Woodward Publishes Journal Article “A Spy’s Guide to BU”
John D. Woodward, Jr., Professor of the Practice of International Relations at the Frederick S. Pardee School of Global Studies, published a recent journal article on the history of espionage at Boston University that focuses on BU people and places of special significance.
Woodward’s article, entitled “A Spy’s Guide to BU,” was published in the Association of Former Intelligence Officers (AFIO) The Intelligencer Journal of U.S. Intelligence Studies.
From the text of the journal article:
I came to Boston University as a professor in July 2015, after a long career with the Central Intelligence Agency, most of it serving in the CIA’s clandestine service. Among the classes I teach, my favorite is “The Evolution of Strategic Intelligence,” which is essentially about the history of espionage. My students especially enjoy our class field trip to see Boston’s intelligence-related sites. For example, as they gazed at the “one if by land, and two if by sea” steeple of the Old North Church, they would hear me describe the Sons of Liberty as an insurgent group with Paul Revere as its hard charging and hard riding chief of operations and Samuel Adams as its visionary master of influence operations. As I researched more about espionage in Boston, I soon realized that I had overlooked incredible intelligence activities closer to and on campus. Over the years, my Pardee School colleagues regaled me with many Boston University espionage anecdotes. I simply had to remember and compile them. Hence, I offer this spy’s guide to BU, focusing on BU people and places of special significance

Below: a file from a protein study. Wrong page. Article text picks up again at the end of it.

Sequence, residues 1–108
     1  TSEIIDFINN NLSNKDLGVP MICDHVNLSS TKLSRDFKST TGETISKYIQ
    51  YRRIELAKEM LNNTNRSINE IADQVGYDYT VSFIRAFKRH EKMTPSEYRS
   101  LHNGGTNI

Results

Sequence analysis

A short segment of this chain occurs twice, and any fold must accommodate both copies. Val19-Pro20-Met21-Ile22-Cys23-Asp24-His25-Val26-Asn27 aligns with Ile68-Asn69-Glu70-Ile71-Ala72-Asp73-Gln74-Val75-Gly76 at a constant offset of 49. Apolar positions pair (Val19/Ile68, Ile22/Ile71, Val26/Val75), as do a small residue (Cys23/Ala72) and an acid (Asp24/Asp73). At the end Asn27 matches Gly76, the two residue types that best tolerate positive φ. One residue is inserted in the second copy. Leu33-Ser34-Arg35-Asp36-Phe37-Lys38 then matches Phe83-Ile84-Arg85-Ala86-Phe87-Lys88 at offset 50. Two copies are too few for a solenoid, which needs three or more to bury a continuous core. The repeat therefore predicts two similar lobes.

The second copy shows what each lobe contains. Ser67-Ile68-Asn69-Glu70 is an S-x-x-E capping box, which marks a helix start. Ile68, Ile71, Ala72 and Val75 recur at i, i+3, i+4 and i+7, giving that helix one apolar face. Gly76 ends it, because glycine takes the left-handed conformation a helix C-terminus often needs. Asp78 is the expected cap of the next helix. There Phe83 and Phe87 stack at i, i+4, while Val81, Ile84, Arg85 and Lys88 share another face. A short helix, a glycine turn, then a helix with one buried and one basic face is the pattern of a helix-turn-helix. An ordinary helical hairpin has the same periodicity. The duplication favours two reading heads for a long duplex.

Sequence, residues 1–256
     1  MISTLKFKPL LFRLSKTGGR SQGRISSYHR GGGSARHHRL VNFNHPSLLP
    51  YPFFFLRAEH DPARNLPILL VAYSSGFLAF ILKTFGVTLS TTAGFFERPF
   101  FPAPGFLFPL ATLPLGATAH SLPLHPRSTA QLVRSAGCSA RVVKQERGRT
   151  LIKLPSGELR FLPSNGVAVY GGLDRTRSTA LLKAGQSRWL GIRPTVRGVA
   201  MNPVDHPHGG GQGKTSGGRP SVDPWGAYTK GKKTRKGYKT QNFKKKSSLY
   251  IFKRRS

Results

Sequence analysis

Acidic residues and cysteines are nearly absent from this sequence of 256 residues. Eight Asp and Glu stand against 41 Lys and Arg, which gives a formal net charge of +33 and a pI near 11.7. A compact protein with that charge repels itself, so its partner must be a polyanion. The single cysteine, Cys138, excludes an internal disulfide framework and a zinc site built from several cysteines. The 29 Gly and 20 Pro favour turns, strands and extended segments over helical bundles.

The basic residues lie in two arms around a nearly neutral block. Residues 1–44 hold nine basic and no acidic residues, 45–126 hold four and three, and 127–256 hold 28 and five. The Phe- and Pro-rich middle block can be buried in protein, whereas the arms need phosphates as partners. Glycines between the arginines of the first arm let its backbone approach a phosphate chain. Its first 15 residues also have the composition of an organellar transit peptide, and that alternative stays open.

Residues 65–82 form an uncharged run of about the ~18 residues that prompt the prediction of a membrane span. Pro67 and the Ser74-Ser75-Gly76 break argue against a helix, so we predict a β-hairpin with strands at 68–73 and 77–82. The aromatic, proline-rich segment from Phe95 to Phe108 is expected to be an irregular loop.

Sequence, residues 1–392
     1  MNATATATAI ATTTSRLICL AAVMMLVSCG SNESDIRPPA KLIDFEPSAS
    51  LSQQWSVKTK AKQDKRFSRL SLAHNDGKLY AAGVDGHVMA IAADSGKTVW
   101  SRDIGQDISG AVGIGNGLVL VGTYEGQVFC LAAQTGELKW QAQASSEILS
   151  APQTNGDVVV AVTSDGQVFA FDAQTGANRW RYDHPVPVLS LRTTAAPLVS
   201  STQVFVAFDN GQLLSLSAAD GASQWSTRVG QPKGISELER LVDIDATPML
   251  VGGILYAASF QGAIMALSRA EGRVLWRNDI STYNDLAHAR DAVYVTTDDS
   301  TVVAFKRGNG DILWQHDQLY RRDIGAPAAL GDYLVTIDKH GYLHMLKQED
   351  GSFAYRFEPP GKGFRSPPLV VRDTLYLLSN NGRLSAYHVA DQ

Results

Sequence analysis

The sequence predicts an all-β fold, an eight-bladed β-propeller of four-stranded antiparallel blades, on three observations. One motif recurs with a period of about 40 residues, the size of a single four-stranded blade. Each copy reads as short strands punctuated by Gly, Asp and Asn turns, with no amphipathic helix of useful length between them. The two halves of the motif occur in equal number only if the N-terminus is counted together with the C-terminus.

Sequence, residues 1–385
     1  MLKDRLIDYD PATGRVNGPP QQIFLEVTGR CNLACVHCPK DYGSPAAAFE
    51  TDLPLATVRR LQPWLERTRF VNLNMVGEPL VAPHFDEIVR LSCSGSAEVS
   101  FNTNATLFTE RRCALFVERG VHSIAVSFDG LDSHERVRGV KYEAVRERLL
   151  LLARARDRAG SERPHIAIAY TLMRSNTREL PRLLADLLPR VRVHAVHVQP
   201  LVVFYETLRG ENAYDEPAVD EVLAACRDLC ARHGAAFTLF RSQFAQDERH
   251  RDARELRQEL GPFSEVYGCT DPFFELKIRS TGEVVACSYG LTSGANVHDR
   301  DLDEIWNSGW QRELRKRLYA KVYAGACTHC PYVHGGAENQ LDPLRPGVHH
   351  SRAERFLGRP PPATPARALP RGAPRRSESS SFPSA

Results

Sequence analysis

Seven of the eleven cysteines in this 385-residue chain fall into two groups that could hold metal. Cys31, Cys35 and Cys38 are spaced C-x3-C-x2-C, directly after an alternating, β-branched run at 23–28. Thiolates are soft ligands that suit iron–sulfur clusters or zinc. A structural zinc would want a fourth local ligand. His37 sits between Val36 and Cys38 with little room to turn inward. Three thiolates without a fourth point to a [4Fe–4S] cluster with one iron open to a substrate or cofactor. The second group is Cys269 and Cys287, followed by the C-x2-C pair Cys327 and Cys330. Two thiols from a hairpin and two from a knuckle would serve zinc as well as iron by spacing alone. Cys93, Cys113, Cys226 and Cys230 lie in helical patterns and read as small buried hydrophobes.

You can read the entire article here.
Woodward is a former Central Intelligence Agency officer who, during his twenty-year CIA career, served as an operations officer in the Clandestine Service and as a technical intelligence officer in the Directorate of Science and Technology, with assignments in Washington D.C., East Asia, Africa, South Asia, and the Middle East. He also served as the Director of the U.S. Department of Defense Biometrics Management Office from 2003-2005 where he received the Army’s third highest civilian award for his work on using biometric technologies to identify national security threats.